February 26, 2013 |
If you accidently kick your toe against a doorframe you are probably going to find it very painful. As a purely intellectual experiment, imagine purposefully kicking a doorframe hard enough to potentially break your toe. When it turns out your toe has been battered but not broken, the pain may be interpreted more as a relief.
“It is not hard to understand that pain can be interpreted as less severe when an individual is aware that it could have been much more painful. Less expected, however, is the discovery that pain may be experienced as pleasant if something worse has been avoided,” explains Siri Leknes, Research Fellow at the Department of Psychology at the University of Oslo.
The lesser of two evils
When working as a research fellow at Oxford University, Dr Leknes became curious about what can be called the “it could have been worse” phenomenon. How is the experience of pain affected by a feeling of relief from realising that it was not as bad as expected?
Dr Leknes recruited 16 healthy subjects who prepared themselves for a painful experience. They were repeatedly exposed to heat of varying intensity applied to their arm for four seconds.
The experiments were carried out in two different contexts: in the first, the heat was either not painful or only moderately painful – about the same as firmly holding a coffee cup that is slightly too hot. In the second, the heat was either moderately or intensely painful. In this context, moderate pain was the lesser of two evils.
The research subjects reported how they interpreted the pain. In addition, while they were exposed to the stimuli their brain activity was measured by MRI.
“As expected, the intense heat triggered negative feelings among all subjects whereas the non-painful heat produced positive reactions,” explains Siri Leknes.
What intrigued the researchers was the subjects’ response to moderate pain. In the experiments where moderate pain was the worst alternative, the pain felt was unpleasant. In the instances where it was the best alternative, the subjects experienced the moderate pain as positive – even comforting.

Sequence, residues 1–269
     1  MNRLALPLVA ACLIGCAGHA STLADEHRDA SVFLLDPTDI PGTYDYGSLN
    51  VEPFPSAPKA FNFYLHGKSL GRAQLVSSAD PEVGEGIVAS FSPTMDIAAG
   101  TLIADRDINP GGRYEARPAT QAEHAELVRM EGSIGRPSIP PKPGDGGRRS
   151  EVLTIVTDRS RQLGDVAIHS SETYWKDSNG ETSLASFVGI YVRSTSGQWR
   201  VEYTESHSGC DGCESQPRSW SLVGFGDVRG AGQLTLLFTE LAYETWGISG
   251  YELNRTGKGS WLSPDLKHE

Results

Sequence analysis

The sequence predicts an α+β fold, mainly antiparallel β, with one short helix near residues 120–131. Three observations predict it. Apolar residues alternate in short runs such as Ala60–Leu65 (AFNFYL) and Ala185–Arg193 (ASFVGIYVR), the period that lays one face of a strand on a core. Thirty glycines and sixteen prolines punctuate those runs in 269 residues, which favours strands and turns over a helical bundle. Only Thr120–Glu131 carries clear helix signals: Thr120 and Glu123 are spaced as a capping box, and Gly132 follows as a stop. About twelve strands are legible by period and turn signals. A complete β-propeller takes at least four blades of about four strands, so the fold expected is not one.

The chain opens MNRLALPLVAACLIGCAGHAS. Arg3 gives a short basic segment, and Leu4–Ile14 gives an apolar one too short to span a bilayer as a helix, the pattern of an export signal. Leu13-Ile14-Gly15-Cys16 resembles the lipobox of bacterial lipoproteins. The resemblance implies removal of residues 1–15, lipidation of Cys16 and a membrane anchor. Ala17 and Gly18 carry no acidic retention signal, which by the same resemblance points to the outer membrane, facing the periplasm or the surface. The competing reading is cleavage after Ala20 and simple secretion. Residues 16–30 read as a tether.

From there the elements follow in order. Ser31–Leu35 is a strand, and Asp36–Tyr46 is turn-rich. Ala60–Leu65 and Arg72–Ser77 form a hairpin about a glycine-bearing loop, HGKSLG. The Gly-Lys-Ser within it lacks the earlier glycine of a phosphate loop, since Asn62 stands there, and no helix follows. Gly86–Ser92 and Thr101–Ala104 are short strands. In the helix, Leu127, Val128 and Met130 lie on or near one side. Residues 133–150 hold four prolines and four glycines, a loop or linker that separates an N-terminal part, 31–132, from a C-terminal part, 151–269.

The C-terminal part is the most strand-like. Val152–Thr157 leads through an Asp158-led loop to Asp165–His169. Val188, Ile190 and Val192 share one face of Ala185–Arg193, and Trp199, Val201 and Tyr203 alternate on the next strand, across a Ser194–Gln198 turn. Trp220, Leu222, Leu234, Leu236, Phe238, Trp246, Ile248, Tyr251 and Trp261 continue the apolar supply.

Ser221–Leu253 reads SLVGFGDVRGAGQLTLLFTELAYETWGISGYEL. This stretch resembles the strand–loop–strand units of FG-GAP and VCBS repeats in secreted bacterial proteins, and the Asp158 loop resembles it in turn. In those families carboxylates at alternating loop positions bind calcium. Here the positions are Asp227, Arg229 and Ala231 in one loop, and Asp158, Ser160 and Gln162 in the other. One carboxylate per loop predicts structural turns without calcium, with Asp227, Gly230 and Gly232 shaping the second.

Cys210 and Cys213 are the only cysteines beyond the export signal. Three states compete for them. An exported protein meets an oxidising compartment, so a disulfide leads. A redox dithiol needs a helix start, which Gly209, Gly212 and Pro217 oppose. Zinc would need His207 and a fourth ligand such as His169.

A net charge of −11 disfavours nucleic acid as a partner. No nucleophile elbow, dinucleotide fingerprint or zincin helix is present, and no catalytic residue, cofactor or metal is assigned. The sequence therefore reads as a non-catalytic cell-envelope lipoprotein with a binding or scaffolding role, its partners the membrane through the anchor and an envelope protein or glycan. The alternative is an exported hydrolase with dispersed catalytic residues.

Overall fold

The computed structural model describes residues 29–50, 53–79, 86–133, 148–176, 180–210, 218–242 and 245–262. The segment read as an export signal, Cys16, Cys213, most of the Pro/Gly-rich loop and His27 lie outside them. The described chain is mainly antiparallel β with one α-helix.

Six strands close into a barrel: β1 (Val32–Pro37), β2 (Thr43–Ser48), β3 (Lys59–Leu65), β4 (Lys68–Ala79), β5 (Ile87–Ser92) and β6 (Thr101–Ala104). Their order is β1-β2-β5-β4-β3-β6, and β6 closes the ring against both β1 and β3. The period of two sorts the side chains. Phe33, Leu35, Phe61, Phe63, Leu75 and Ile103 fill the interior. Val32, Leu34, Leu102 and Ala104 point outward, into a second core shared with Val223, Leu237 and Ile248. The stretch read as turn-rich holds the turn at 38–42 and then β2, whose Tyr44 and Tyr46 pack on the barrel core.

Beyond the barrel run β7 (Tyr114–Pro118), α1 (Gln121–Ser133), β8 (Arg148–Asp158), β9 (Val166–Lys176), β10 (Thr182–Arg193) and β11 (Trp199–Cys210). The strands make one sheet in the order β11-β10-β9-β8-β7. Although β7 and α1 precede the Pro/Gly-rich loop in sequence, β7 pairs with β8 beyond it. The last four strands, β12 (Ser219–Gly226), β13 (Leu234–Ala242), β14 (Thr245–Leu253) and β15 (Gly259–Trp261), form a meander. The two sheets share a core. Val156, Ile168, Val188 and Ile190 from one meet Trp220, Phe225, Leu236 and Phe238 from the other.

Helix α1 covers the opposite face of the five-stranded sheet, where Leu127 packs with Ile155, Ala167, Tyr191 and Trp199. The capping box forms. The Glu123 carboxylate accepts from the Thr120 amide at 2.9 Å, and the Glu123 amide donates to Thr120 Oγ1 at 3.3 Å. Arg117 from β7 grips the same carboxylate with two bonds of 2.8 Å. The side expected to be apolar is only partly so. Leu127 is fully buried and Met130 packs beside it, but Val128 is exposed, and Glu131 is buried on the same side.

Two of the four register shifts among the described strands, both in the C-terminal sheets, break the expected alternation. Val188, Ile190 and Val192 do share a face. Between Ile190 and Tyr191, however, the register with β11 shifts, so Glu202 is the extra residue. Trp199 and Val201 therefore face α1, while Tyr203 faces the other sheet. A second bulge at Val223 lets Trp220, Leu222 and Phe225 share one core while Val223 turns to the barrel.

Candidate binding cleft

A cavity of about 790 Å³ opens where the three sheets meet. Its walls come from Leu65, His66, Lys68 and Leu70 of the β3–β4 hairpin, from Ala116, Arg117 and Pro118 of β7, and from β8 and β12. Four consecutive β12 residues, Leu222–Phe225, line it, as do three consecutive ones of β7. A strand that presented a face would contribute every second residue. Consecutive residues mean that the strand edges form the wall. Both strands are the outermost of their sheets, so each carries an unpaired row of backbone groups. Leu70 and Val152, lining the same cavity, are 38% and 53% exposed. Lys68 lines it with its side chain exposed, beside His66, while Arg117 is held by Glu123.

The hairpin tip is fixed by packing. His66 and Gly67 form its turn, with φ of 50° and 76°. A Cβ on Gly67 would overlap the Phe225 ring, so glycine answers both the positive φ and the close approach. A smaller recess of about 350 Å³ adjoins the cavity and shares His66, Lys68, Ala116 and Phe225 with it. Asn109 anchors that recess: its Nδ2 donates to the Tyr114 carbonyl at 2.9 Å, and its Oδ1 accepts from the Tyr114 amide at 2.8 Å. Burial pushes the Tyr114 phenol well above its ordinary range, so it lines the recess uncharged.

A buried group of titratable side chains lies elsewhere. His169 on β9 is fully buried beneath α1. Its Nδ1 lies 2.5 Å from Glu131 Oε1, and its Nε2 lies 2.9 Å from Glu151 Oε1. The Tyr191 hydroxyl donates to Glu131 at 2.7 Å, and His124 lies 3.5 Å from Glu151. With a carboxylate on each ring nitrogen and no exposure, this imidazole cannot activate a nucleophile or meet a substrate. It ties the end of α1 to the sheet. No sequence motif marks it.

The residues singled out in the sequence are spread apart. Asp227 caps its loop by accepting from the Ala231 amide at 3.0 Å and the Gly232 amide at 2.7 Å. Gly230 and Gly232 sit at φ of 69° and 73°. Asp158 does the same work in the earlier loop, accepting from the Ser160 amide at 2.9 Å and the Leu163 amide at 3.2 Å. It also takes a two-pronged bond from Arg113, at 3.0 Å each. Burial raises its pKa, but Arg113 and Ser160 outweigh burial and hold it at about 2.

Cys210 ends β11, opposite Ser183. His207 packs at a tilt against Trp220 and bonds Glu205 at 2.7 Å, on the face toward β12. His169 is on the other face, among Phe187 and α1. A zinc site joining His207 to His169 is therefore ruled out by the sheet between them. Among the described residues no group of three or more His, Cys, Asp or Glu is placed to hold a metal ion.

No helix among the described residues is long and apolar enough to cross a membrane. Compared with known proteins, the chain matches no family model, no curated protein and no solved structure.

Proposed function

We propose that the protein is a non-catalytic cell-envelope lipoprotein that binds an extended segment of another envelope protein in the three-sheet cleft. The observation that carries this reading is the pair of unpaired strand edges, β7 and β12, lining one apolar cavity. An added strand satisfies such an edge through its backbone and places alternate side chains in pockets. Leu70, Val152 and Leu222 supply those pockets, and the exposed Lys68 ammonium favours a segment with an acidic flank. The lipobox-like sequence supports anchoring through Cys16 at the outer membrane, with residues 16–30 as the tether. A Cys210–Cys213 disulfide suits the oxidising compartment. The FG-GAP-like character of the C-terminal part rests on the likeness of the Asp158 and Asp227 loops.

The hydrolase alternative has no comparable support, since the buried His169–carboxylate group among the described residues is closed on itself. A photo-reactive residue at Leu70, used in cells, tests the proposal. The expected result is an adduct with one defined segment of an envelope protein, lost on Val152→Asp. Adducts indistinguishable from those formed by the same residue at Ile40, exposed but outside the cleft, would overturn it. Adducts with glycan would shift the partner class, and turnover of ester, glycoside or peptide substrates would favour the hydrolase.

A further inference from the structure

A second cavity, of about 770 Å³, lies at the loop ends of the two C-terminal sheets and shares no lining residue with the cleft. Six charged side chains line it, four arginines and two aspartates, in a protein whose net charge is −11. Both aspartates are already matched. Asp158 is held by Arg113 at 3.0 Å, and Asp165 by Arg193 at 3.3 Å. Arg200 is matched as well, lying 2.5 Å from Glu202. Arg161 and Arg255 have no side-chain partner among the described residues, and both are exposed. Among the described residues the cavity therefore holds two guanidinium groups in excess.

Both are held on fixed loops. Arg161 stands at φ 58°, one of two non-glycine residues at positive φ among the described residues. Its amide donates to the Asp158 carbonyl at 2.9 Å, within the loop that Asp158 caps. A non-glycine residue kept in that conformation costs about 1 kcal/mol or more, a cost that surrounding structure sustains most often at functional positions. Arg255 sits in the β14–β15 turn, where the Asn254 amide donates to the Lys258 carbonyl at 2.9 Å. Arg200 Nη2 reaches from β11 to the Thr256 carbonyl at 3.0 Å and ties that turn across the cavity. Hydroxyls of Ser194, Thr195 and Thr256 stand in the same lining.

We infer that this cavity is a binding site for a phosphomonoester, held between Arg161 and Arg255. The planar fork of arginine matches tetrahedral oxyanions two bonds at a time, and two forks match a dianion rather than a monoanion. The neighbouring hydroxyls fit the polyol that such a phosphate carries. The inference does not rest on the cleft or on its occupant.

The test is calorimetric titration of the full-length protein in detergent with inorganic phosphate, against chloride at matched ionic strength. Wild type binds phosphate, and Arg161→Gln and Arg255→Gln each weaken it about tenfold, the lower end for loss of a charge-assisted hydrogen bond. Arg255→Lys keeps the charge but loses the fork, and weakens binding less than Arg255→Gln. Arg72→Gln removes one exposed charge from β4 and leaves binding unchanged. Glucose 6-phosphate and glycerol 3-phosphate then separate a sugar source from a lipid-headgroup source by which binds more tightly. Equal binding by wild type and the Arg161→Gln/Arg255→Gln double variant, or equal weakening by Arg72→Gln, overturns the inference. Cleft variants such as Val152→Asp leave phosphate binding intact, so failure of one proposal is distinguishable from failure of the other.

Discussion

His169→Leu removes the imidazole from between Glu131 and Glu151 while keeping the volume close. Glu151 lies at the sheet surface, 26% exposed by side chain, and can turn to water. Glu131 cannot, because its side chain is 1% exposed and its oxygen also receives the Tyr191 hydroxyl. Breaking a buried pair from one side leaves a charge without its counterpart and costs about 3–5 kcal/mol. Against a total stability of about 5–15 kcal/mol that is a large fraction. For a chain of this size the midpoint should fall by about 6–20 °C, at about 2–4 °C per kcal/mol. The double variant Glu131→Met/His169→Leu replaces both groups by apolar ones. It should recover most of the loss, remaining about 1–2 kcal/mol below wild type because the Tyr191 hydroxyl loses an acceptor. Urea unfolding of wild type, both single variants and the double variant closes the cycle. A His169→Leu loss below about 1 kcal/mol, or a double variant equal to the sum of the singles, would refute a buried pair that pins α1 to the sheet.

“The likely explanation is that the subjects were prepared for the worst and thus felt relieved when they realised the pain was not going to be as bad as they had feared,” states Dr Leknes.
“In other words, a sense of relief can be powerful enough to turn such an obviously negative experience as pain into a sensation that is comforting or even enjoyable.”
The MRI examinations revealed that the brain changed how it processed moderate pain according to the context and what the alternative was. When the pain was comforting, there was more activity in the areas of the brain associated with pleasure and pain relief and less activity in the areas associated with pain.
A future in treating pain?
Dr Leknes believes that the study illustrates that exposure to one and the same stimulus is interpreted very differently among individuals and that the experience is connected to expectation and context. Some individuals like the burning sensation of eating chili peppers, for example, while others enjoy sadomasochistic sex.
Also, envisioning that an even worse alternative exists than what is actually experienced may even help a person to interpret involuntary pain as something agreeable.
Nevertheless, Dr Leknes points out, pain is generally a highly unpleasant experience and current pain alleviation treatments are inadequate for many people.
“That is why it is so important to find out how and to what degree the brain can control pain on its own. We are currently carrying out basic research, but we hope that this knowledge will one day be applied to develop improved methods for treating pain,” she says.
Would it always be advisable then for a doctor to inform a patient that a procedure or treatment is going to be very painful?
“In some situations this may be a good approach, but not always,” replies Dr Leknes. “Doctors observe that their patients react very differently to the information they are given; certain patients are likely to experience a genuine sense of relief if they prepare for the worst only to find it not so bad after all, whereas others prefer to avoid worrying beforehand and want to know as little as possible about what they will be undergoing,” she explains.
Substance abuse – from pleasure to relief
The study has been partially funded under the Programme on Alcohol and Drug Research (RUSMIDDEL) at the Research Council of Norway. “Relief is also likely a vital factor in substance abuse,” asserts Dr Leknes.
“Over time, the effect of alcohol and drugs will change from triggering feelings of pleasure to primarily alleviating the discomfort of addiction. The brain’s regulatory processes change, causing substance abusers to experience a shift; at some point, they use alcohol and drugs in order to achieve a neutral state and avoid feeling awful,” explains Dr Leknes.
“By studying relief in order to understand how this process works, we can come up with new ideas for treating substance dependence more effectively. From our pain research, we know that the relief mechanisms in the brains of patients with chronic pain become disrupted. This may be something shared by patients suffering from pain and alcohol and drug addiction alike,” she concludes.